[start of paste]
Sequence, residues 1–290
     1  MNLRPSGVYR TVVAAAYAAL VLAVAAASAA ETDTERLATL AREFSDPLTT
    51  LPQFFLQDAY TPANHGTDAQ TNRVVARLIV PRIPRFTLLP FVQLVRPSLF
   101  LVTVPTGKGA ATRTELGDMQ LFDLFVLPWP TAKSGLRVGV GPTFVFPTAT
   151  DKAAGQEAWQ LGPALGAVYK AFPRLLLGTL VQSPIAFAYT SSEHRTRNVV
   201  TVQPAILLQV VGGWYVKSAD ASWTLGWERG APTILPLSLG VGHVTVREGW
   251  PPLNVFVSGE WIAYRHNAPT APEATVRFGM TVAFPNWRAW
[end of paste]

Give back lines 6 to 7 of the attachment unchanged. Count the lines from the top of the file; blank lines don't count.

   201  TVQPAILLQV VGGWYVKSAD ASWTLGWERG APTILPLSLG VGHVTVREGW
   251  PPLNVFVSGE WIAYRHNAPT APEATVRFGM TVAFPNWRAW